There is a legend concerning St. Patrick but you have probably not heard this one – yet! According to Finnean mac Eoran, a young priest in the company of St. Patrick, in the year AD 450 St. Patrick was invited to preach to King Aengus of Munster at the great fortress of the Rock of Cashel. Patrick’s teaching was plain and straightforward and after listening the King was convinced of the sincerity of Patrick and the truth of the Catholic faith. So, the king requested to be baptized in the name of the Trinity. During the ceremony, the Saint lifted his crozier (staff) high in the air and brought it down hard. The point of the crozier was driven through the king’s foot, but the king didn’t flinch or cry out. Then Patrick invited the king to enter the river, where he noticed the kings wound, and he baptized this great Irish warrior king. Patrick never said a word about the event and the brave king thought that driving the crozier through his foot must be part of the ceremony. Father Finnean mentioned that no one else volunteered to be baptized that day.
Of all the mysteries of the faith that the Church proclaims, the Mystery of the Holy Trinity is the most central, the most important, the highest and greatest of all the mysteries. This mystery is so important that we are baptized in the name of the Trinity, we begin our day with the sign of the cross which reminds us of the Trinity, we begin each Mass and sacrament, and almost all our prayers with the name of the Trinity, and our Creed begins with our profession of faith in the Trinity.
Any yet, while it is the most important and familiar Christian mystery, it is probably the hardest to identify with, and certainly, the hardest to explain. Nevertheless, the central nature of the Holy Trinity is the most comforting, the most familiar, and the most relevant aspect of God in our lives. The Holy Trinity is a community of persons, which we can put in another more familiar way by saying, the Holy trinity is a family. We can all relate to that, the Trinity is a family, a relationship, a community, a bond of love between three distinct but united “persons”: Father, Son, and Holy Spirit. The very identity of God is a family, a community of love, a closeness, and a relationship. Our God is not isolated, alone, aloof, in fact, our God is always engaged with others, never alone, always showing love and being loved. Even without words every human heart understands what the Holy Trinity is about, because, every human heart, every soul, longs for what the Holy Trinity has, in fact what the Holy Trinity is, a relationship of love. We all long to love and be loved and we want our families to be places of love.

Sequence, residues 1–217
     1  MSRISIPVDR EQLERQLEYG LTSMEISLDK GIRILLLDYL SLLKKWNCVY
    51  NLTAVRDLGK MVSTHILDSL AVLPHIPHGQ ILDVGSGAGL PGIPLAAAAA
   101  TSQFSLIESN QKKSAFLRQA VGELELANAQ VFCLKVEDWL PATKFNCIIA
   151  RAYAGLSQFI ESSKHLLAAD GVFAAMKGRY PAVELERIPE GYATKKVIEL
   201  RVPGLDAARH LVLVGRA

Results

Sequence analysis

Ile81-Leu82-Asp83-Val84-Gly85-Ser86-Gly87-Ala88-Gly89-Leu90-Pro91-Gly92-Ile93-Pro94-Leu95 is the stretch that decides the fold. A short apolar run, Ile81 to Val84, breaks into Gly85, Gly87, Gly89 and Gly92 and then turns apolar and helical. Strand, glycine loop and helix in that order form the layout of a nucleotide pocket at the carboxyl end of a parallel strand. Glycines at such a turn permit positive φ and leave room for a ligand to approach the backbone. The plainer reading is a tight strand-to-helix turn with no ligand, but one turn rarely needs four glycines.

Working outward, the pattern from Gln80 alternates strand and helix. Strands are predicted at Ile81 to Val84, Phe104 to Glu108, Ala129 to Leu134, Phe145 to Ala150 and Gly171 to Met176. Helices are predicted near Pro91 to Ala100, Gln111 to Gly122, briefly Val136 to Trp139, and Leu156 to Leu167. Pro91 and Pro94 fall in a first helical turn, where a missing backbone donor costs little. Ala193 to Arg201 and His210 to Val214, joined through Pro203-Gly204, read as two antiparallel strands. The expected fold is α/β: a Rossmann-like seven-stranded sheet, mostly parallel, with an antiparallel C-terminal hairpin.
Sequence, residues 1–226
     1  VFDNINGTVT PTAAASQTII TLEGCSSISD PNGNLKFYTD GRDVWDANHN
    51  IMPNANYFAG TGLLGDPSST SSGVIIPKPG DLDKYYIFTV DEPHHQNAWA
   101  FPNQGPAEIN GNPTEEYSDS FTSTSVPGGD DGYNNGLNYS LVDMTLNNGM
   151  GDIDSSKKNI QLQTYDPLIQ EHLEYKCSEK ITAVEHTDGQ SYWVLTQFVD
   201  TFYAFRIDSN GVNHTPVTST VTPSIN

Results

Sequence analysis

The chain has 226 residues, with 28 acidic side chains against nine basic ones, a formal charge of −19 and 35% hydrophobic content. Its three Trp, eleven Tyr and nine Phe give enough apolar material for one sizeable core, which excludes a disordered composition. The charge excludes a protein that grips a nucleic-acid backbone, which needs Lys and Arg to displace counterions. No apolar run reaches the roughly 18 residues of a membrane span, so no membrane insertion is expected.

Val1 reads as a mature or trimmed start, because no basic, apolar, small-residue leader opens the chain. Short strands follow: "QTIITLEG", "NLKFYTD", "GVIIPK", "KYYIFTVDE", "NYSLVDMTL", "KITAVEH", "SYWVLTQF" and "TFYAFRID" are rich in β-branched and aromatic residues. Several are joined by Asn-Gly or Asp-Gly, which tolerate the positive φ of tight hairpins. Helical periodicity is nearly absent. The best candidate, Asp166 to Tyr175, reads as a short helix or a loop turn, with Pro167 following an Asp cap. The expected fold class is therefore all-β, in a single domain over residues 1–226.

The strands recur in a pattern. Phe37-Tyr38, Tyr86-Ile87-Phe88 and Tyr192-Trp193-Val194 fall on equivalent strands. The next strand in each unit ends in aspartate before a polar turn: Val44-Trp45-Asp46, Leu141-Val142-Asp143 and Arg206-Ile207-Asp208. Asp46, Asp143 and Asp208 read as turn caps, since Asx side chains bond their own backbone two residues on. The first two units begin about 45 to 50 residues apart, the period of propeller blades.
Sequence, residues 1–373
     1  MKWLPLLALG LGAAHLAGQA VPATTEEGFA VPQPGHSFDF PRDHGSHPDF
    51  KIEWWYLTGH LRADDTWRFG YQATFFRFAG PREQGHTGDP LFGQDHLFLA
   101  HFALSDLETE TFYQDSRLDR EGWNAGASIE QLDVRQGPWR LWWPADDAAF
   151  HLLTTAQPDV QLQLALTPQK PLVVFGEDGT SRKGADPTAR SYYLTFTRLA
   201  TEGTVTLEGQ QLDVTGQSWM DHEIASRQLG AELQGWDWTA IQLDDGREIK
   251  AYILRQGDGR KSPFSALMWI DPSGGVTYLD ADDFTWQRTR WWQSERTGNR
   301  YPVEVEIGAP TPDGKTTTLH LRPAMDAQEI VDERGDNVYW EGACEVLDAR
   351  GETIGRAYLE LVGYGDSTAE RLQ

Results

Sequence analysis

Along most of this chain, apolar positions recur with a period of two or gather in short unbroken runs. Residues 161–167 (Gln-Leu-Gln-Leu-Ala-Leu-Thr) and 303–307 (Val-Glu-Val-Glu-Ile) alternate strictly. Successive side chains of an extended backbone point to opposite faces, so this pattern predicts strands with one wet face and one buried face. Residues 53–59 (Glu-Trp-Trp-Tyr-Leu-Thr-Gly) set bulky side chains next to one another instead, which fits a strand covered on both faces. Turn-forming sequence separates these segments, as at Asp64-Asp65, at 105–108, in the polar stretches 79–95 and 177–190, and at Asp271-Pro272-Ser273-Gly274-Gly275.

In the Holy Trinity, each Divine Person, lives, for the other, loves the other, serves the other. It is in this love that they experience love – as Jesus says – “it is in giving that we receive.” All of us long not only to belong, but to love and be loved. God intends every family to be a place where this love is present, where it surrounds us, where it is made real, and is really alive. It is in the midst of this love that people learn how to love and be loved. This love is not focused on ourselves, it is focused on the other, and in this way a person learns to love as a gift – unselfish love. Of course, we don’t always manage to live this way, but because we fail does not mean it is not true, nor that we should not try. The Father, Son, and Holy Spirit love each other not for what they receive but simply because they are. Now, we are made for the same sort of love – and who doesn’t want to be loved, and love, like this?
The greatest Christian mystery, it turns out, is the closest to our heart and just like explaining the reasons for love, it is impossible to truly express or understand. We can show people we love them, we can tell people we love them, but explaining what love it, or means to us, well, some things are just too big for words. I think the Holy Trinity must be felt, experienced, lived, to be understood. And even then, it cannot be completely explained some things are just too big for words – just like love.